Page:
Trump meeting Putin is yet another headache for Europe

US President Donald Trump and Russia's President Vladimir Putin at the APEC leaders' summit on November 11, 2017.
Mikhail Klimentyev | AFP | Getty Images
US President Donald Trump and Russia's President Vladimir Putin at the APEC leaders' summit on November 11, 2017.

Any world leaders meeting face-to-face should be seen as a good thing, but when it’s President Donald Trump and Vladimir Putin, then European officials are right to feel a little anxious.

Political commentators expect a purely symbolic spectacle when the two meet in Finland on July 16. But the backdrop to the event — just days after a NATO summit in Brussels — is leaving some wary on what the U.S. president could concede to his Russian counterpart.

Trump, openly critical of the North Atlantic alliance, could strain relationships even further with smaller eastern European nations bordering Russia that are heavily reliant on NATO for protection and reassurance.

Experts at political analysis firm Eurasia Group believe the EU would “squirm” over any Trump language that undermines the transatlantic comity on Ukraine or European security.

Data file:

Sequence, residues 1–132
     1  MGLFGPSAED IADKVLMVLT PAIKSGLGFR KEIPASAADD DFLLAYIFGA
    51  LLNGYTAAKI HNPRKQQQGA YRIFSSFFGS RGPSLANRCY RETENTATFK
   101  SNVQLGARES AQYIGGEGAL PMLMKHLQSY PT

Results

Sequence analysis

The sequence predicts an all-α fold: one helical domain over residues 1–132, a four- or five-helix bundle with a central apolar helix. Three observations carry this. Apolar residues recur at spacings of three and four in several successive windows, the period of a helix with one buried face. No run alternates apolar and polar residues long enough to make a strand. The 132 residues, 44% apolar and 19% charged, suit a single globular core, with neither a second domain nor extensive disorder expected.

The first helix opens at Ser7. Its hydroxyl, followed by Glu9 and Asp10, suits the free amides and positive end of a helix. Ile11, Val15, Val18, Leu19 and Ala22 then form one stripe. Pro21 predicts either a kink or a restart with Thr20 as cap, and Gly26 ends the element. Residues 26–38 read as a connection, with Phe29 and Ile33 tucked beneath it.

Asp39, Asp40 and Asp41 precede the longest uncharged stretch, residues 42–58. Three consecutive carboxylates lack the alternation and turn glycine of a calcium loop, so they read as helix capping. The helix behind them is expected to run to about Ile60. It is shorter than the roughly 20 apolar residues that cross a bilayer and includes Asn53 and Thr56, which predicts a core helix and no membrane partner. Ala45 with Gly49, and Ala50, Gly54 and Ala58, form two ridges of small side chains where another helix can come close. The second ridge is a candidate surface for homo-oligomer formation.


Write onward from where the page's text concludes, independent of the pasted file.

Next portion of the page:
Timothy Ash, a senior emerging markets sovereign strategist at BlueBay Asset Management, even claims that Trump offers the prospect of being Putin’s “Trojan horse within NATO.”

“Remarkably, Trump seems to be happy to work to an agenda which Putin could only have fantasized about — the end of NATO and the North Atlantic alliance,” Ash said in a research note last week. “For Putin, this is his equivalent of Soviet Union’s 1991 moment — his total victory over NATO. Unbelievable stuff, for any observer of geopolitics and post WWII European history.”

Trump is already at odds with most European leaders after withdrawing from the Iran nuclear deal, the Paris climate agreement and implementing metal sanctions on the European Union. Any further friction would drive an even greater wedge between the EU-U.S. alliance and put a further dampener on the global investment environment.

What they may fear most at the summit is the American president's unpredictably.

Trump’s meeting with Putin will also come shortly after a visit to the U.K., where he’s likely to receive a frosty reception from the public. Coupled with a difficult NATO meeting in Belgium, Trump might then be eager for some positives to take home to Washington after an awkward trip to Europe.

An opinion piece in The Atlantic news publication last week suggested that Trump could pledge to halt U.S.-led NATO military exercises in Poland and the Baltic states that Russia opposes. This would surely leave European officials open mouthed in incredulity.

NATO has formed the basis of U.S.-Europe cooperation since World War II. But Trump, who won the U.S. election with his anti-global message, has openly bashed the alliance. In May last year, he declined to explicitly endorse NATO’s Article 5 — which ensures that allies will come to each other's defense in the event of an attack — creating unease among European leaders. However, he then made amends during a speech in Warsaw, Poland, just two months later.

With tensions already fraught, Trump coming to Europe could raise the summer mercury levels up another notch.